Adding a Second Dog to the Family
By Gary Le Mon

Cooper and MaxMax and Cooper

Are you adding a second dog to your family? I ask because, for the past two weeks, my dog Cooper and I have played host to Cooper's twin brother Max, while his owner has been out of town. As litter mates, Cooper and Max need no introduction when they get together. But what about adding a second dog completely unfamiliar to the first dog? How will pack membership change the dynamics of each "only" dog?  

Dog lovers like you and I agree, one dog is never enough. It's no surprise you've decided to bring home yet another one. However, you may be anxious about introducing this new foundling to your first dog. But luckily you: Here are five foolproof tips to get you through this potential nail-biting stage and to (hopefully) make your two little critters the best of friends! 

1. Familiarize the Second Dog  

Choose the room you are going to introduce the dogs in. It may be the living room, the kitchen, anywhere that is not too confined. Before the meeting, make sure the new dog becomes familiar with this room in particular so that when you introduce them they do not have to adapt to both the new room and the new roomie. Both of these things can be scary and overwhelming, especially for puppies.

2. Adding a Second Dog Smell

Adding a second dog

The part of a dog's brain responsible for analyzing smells is up to 40 times larger than that of a human. Dogs navigate and interpret the world by scent (hence, the butt-sniffing!) so it can be crucial to introduce the scent of both dogs to one another before the meeting. This could mean providing them with toys that hold the scent of the other pup, or switching their beds. When the two finally come together, the new smells won't be such a shock.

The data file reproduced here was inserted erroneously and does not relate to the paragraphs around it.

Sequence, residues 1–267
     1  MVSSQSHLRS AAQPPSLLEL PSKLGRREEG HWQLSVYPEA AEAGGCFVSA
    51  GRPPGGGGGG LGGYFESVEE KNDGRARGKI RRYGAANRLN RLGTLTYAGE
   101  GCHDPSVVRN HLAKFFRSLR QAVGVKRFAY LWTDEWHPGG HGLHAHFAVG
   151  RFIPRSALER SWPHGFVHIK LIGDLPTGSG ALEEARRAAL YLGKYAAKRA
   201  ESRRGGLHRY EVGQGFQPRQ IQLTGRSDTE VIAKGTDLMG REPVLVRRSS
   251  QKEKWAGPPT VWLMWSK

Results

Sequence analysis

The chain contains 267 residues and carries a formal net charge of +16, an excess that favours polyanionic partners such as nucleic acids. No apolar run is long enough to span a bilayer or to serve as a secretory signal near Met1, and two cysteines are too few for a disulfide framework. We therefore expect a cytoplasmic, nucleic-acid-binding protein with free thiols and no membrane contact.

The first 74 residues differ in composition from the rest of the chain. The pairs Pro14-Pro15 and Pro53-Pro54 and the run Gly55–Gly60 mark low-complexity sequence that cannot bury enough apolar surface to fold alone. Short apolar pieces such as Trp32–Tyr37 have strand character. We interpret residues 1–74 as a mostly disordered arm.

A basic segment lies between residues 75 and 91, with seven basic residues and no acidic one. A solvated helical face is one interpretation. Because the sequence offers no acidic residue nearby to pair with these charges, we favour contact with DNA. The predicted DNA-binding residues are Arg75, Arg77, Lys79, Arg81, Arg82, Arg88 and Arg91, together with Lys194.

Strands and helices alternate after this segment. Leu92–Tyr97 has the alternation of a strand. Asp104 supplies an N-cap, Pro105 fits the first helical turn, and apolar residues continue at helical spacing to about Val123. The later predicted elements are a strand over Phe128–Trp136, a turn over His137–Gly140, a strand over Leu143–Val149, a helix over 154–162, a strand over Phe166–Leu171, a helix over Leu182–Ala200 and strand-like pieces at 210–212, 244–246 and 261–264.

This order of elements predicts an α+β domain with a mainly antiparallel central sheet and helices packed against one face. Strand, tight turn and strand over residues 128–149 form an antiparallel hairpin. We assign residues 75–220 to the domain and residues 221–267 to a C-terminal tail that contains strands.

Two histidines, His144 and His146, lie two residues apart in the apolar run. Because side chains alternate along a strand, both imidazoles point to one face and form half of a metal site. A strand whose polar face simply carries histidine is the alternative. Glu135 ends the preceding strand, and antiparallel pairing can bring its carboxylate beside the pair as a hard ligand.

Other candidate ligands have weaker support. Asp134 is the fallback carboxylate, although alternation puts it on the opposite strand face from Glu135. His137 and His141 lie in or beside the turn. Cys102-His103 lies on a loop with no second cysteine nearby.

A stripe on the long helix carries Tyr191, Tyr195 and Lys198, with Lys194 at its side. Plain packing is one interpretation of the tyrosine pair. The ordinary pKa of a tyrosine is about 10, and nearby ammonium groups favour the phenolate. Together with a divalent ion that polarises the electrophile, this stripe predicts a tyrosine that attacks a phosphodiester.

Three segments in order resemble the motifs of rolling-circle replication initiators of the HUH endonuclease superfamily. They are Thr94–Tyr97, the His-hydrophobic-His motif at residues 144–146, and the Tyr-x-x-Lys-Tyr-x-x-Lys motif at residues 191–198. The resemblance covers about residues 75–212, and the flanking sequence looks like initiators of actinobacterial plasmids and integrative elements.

3. Introduce Them With a Barrier 

When adding a second dog, if you worry that the two dogs may not get along (maybe your original pup isn't so fond of this new interloper), it may be best to introduce the pair between a barrier such as a glass wall or temporary fence. This will prevent any physical contact and allow each of them to become aware of the new two-dog house house.  

4. The Introduction  

It is vital that each dog is kept on an individual leash to prevent any potential hostility. It is also essential to read the situation: if things are looking good and both of the dogs' body language appear confident, it should be fine to accelerate the process by removing the leashes. If things don't go so well when adding a second dog, take things slower and keep the leashes on. After all, you know your dogs best.  

5. Maintain Space 

It's crucial that the dogs get some space away from each other while still getting to know one another. You can achieve this by sectioning parts of your home and sequestering each of them for a portion of each day. You should also monitor their interactions for the first 24 to 48 hours just to be safe.

I hope these tips have given you some guidance when adding a second dog to your home. Most of the time, things go smoothly and you will see your two fluffy friends galloping around together as if they too were litter mates, like my two. 

P.S. Please do the right thing and adopt an orphan dog or cat from your local shelter, or go to Best Friends Animal Society.

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